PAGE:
Husni Kamil Manik's term as leader of the General Elections Commission (KPU) was marked by an an unprecedented commitment to openness and transparency. Photo by M Agung Rajasa for Antara.

Husni Kamil Manik’s term as leader of the General Elections Commission (KPU) was marked by an an unprecedented commitment to openness and transparency. Photo by M Agung Rajasa for Antara.


On 7 July, the Eid celebrations of many Indonesians were disrupted by the news that Husni Kamil Manik, director of the General Elections Commission (KPU), had passed away. His death from complications associated with diabetes, aged just 41, is a huge loss for Indonesian democracy. Having led the KPU since 2012, Husni came to national prominence during the highly charged 2014 legislative and presidential election campaigns. With his characteristic calm but firm manner, he left a deep impression on the Indonesian public.


Working in elections management requires an ability to remain fair and impartial no matter the situation. Husni had this skill. He was known as open and prepared to listen to anyone. He instilled these traits in the institution he led, which pioneered ground-breaking reforms in elections information and data transparency.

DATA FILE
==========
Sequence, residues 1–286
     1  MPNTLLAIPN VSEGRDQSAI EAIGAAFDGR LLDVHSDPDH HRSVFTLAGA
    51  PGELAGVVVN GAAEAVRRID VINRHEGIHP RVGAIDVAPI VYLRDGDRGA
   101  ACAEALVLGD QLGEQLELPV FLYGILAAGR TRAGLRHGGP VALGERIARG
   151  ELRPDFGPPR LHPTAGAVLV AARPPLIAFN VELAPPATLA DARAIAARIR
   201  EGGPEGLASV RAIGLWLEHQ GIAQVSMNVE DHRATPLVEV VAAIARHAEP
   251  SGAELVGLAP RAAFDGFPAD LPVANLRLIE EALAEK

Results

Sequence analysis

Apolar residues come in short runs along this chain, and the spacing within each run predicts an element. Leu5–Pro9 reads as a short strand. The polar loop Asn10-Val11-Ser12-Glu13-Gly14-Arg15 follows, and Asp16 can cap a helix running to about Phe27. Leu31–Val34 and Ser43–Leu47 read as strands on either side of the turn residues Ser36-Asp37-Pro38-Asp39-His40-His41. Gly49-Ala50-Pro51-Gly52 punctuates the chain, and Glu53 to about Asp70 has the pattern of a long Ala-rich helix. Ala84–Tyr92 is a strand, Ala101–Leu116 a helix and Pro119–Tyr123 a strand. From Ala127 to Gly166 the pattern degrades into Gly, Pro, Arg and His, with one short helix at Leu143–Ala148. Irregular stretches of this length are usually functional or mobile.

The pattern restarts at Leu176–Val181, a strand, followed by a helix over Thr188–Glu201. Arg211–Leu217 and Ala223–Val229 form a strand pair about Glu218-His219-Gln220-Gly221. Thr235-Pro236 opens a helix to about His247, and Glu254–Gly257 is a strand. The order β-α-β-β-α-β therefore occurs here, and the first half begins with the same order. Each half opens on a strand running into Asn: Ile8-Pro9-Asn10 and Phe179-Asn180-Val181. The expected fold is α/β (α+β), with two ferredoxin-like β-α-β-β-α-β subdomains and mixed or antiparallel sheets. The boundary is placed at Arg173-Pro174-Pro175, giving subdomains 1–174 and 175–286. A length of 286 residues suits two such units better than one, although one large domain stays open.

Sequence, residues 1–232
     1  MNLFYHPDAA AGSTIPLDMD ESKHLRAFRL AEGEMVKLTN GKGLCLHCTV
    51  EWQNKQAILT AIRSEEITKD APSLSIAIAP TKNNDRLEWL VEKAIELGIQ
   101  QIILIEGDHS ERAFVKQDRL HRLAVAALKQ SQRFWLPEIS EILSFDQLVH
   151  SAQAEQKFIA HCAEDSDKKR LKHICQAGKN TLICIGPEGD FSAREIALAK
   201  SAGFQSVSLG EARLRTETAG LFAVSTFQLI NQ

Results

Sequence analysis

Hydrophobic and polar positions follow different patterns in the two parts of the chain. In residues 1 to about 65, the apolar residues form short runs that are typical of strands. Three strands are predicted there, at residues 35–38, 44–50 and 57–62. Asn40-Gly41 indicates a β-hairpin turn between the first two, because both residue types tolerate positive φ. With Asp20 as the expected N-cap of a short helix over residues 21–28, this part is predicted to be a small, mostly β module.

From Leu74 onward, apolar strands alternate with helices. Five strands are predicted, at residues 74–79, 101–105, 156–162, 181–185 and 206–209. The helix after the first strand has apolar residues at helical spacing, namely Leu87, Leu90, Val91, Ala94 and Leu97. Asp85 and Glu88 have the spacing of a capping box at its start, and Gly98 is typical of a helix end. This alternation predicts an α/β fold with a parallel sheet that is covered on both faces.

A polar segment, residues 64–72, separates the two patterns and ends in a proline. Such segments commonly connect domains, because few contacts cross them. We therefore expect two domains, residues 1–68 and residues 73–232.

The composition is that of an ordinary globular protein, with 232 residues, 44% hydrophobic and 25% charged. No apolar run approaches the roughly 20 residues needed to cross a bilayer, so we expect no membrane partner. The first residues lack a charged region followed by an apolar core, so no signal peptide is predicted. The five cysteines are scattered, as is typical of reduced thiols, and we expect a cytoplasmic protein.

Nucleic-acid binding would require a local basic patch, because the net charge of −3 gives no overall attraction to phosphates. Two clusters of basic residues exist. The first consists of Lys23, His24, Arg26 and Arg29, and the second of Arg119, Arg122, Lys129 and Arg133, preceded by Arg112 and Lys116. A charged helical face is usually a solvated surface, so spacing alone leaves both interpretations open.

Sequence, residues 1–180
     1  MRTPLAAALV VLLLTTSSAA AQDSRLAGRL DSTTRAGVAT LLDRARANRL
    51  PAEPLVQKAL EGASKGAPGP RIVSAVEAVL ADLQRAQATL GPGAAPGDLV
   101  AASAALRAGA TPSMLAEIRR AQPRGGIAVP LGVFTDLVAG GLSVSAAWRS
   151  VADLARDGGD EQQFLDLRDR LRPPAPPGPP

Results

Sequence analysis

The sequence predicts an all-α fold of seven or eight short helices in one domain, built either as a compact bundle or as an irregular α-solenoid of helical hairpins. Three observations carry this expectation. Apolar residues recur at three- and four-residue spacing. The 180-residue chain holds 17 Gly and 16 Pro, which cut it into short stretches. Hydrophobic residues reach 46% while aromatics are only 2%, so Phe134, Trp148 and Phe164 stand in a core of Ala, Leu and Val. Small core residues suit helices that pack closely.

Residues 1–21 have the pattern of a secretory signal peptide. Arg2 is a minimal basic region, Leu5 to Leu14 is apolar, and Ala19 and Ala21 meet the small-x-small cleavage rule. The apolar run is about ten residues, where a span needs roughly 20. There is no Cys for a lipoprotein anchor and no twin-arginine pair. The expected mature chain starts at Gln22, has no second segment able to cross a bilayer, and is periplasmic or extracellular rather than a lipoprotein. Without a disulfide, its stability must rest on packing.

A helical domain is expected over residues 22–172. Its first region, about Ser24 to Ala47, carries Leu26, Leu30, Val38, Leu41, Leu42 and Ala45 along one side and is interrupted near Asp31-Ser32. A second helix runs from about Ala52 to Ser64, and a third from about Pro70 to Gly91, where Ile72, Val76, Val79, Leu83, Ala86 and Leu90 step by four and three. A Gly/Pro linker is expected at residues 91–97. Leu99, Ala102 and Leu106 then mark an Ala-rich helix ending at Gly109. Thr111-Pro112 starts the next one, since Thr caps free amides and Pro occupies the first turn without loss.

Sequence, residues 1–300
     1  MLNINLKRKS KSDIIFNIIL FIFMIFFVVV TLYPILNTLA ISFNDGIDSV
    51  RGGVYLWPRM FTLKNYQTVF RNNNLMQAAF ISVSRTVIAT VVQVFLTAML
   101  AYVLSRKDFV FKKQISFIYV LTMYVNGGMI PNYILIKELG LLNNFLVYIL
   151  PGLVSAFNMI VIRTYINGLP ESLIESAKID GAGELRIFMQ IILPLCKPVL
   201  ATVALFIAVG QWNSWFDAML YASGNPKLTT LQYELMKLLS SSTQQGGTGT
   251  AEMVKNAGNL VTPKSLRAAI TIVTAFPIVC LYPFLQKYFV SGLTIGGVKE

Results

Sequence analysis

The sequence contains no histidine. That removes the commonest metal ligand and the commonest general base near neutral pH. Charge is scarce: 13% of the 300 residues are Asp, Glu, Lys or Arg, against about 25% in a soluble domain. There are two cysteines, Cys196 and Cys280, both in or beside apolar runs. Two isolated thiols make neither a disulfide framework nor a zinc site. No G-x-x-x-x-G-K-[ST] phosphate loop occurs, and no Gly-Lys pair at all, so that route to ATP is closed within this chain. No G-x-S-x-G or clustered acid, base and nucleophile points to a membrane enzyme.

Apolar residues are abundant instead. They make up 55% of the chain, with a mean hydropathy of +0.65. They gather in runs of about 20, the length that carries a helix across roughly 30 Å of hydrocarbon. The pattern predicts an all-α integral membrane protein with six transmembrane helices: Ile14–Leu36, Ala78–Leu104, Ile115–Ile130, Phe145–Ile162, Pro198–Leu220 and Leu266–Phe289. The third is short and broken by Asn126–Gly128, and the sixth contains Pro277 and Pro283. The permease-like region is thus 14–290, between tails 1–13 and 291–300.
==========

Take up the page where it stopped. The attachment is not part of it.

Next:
Husni came to lead the KPU at a time when its standing had been severely diminished by claims of serious manipulation of the voters list in the 2009 elections. The KPU had refused to make its data available and was held in contempt as elitist and exclusive. In his few years as leader, Husni was able to turn this reputation around and restore trust in the KPU by committing to the widespread use of technology to improve transparency. He established an online voter registration database (called Sidalih) that compiled the previously decentralised voter registries, introduced an online logistics distribution system (Silog), and scanned and uploaded the counts from individual polling stations to a national server that could be accessed by the public (Situng).